RF13: 10-6-2002 17:12 - 22:35


P3 Flight Log:

- A cold front was predicted to move southward over southwestern Kansas and intersect the dryline in a triple point north of Liberal, Kansas. Unfortunately, the cloud radar for the King Air was down and the Falcon was in Illinois to replace their tires. The forecast was for the triple point to be capped but the cold front northeast of the point to fire with convection later in the day. After much discussion during a conference call in the morning, it was decided to target the cold front northeast of the triple point rather than the triple point. The IP for the P-3, King Air (san cloud radar) and the LearJet was 37 degrees 30? and 100 degrees 00?. Takeoff for the P-3 was 12:01 pm CDT. We immediately discovered that the Winds Display and the CAPPIs would not work on our laptops. After a great deal of effort, it was determined that the internet hub near the scientists was dead. A temporary solution was found after a lot of rewiring and crossing our fingers (Thank you Grant Gray!). We decided to put the Lear Jet on hold since we had not set up on the boundary. We began to do a box pattern around the cold front around 1:30 pm around a center IP 38.5 and 100.1. The orientation of the box was approximately 40-220 degrees. We contacted the Ops center with an updated IP and orientation so that the lat/lon could be transmitted to the LearJet. The first set of drops occurred at approximately 2:30 pm. We continued to perform box patterns around the cold front and were well-coordinated with the FC and the ground armada. Unfortunately, we experienced a heating problem and LEANDRE was shut down at 3:40 pm. ELDORA was also reaching a critical temperature and it was decided to shut down ELDORA and climb to a higher altitude to cool down the equipment at 3:45 pm. At the same time, we heard that the LearJet was starting its second leg of drops. At approximately 4:10 pm we descended back to the boundary layer. A new box pattern on the cold front was set up in 15 min. However, by that time convection had fired along the cold front. The OPS Center gave us a new IP northeast of our original point but that was also surrounded by convection. A second IP north of S-Pol was given to us. This location was near the original triple point. We flew to that area and descended to low levels. The second trip problem was terrible so we attempted to change the ELDORA header. This caused ELDORA to crash for about 45 minutes. It appears to be a bad idea to change headers in the middle of a flight when the temperatures are hot. We were asked by S-Pol to fly over Homestead to make in situ and LEANDRE measurements of a refractivity gradient. At the end of the pattern ELDORA was back up and we performed a calibration leg before heading home. In retrospect, it would have been ideal if we could have stayed on the boundary for another 10-15 minutes. However, the overheating of ELDORA and LEANDRE had become critical and I made the decision to pull out of the boundary layer rather than risk damaging the equipment. Landing was at approx. 7:08 pm.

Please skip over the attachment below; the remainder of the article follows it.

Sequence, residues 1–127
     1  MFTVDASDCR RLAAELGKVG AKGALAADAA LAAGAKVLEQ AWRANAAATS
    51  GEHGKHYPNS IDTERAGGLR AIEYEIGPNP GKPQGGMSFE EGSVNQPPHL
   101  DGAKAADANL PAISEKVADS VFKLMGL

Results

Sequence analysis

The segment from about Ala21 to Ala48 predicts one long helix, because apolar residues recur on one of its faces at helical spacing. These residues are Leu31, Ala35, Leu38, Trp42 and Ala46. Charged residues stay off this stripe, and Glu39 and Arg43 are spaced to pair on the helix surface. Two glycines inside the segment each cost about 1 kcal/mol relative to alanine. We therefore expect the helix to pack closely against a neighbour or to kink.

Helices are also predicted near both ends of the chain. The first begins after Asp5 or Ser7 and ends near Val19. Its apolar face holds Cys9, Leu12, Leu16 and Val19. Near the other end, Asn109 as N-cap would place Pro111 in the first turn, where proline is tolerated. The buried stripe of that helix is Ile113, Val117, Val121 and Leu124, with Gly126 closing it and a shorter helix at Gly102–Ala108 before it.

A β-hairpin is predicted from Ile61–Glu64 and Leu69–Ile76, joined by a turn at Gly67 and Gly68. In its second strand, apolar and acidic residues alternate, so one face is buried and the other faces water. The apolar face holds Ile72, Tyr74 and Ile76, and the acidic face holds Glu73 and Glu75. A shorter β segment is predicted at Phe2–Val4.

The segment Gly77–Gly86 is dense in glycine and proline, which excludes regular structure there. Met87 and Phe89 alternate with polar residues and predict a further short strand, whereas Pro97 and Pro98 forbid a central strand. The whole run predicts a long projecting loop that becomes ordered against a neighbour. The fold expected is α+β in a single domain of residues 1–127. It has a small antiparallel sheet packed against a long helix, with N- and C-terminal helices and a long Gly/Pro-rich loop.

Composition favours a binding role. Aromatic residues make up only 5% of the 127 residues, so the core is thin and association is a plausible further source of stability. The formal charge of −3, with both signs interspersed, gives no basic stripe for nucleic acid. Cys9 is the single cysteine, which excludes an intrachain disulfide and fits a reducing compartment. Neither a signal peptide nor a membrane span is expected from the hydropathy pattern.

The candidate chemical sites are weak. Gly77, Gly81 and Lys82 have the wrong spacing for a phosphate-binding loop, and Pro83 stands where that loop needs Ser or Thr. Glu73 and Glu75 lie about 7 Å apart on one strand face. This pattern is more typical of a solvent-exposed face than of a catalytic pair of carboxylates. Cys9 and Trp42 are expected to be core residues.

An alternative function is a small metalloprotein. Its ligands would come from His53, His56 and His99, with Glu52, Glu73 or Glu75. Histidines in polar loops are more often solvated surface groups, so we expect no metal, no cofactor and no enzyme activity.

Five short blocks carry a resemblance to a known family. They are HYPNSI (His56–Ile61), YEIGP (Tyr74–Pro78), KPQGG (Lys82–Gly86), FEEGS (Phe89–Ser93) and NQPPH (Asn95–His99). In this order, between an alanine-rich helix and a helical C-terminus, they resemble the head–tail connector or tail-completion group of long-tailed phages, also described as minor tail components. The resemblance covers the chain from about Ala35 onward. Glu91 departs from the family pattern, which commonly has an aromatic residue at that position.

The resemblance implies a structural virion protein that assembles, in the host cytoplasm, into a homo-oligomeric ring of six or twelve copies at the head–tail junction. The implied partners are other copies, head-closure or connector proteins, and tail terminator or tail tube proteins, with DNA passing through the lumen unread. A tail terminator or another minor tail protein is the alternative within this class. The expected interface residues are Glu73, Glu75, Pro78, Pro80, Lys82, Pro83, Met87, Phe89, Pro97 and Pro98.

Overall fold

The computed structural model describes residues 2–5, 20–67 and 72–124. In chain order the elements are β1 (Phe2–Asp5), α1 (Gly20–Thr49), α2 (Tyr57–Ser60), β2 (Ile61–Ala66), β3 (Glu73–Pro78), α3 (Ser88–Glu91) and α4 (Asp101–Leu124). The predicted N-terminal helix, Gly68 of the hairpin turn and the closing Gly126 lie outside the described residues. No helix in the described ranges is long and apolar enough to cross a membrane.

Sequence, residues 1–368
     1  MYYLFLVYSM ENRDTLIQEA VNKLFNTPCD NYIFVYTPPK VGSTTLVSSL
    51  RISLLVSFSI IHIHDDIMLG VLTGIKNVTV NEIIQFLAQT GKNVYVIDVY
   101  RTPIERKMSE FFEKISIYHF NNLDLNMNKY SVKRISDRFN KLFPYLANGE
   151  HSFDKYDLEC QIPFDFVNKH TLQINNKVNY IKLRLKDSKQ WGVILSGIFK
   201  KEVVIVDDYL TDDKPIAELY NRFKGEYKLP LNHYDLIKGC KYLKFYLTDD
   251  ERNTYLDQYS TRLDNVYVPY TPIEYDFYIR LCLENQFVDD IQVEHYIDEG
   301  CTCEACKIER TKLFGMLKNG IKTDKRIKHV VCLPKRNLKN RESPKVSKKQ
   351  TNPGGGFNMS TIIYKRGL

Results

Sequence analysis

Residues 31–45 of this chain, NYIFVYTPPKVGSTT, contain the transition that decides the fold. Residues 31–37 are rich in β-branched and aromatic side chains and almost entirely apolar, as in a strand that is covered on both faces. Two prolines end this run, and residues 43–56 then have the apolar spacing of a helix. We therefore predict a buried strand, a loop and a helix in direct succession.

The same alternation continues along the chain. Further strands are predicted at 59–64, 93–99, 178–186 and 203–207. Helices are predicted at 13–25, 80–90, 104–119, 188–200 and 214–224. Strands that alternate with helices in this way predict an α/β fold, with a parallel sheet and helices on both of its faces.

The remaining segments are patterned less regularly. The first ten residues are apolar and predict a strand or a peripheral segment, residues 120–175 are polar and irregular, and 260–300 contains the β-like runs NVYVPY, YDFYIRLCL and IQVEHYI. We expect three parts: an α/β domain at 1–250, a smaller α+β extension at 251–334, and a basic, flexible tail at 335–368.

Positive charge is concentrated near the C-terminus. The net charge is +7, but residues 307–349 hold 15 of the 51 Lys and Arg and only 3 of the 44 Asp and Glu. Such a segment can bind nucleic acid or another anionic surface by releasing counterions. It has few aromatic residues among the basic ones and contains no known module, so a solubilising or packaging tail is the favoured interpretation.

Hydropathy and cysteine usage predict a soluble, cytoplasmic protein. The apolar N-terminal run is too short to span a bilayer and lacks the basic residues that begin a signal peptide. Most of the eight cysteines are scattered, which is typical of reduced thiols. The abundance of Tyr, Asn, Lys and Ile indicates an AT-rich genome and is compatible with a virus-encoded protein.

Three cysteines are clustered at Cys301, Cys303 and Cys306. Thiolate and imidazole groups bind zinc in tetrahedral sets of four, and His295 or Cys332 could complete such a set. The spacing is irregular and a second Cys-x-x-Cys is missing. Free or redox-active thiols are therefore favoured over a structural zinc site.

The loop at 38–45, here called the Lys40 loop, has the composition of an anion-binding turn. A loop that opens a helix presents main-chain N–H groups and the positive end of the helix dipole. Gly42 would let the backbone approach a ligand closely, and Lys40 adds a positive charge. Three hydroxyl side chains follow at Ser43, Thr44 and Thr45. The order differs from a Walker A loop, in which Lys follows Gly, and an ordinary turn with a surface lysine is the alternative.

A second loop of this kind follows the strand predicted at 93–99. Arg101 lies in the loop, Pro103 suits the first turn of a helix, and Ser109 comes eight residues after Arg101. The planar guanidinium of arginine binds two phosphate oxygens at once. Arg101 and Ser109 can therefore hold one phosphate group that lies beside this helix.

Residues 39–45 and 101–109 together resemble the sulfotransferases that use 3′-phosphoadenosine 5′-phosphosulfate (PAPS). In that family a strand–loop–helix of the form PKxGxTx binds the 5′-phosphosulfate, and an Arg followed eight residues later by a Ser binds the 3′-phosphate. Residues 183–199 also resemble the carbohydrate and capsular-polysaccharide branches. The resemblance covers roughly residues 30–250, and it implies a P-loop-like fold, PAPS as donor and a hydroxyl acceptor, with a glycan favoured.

Flight Track:

ELDORA Images for this Flight:

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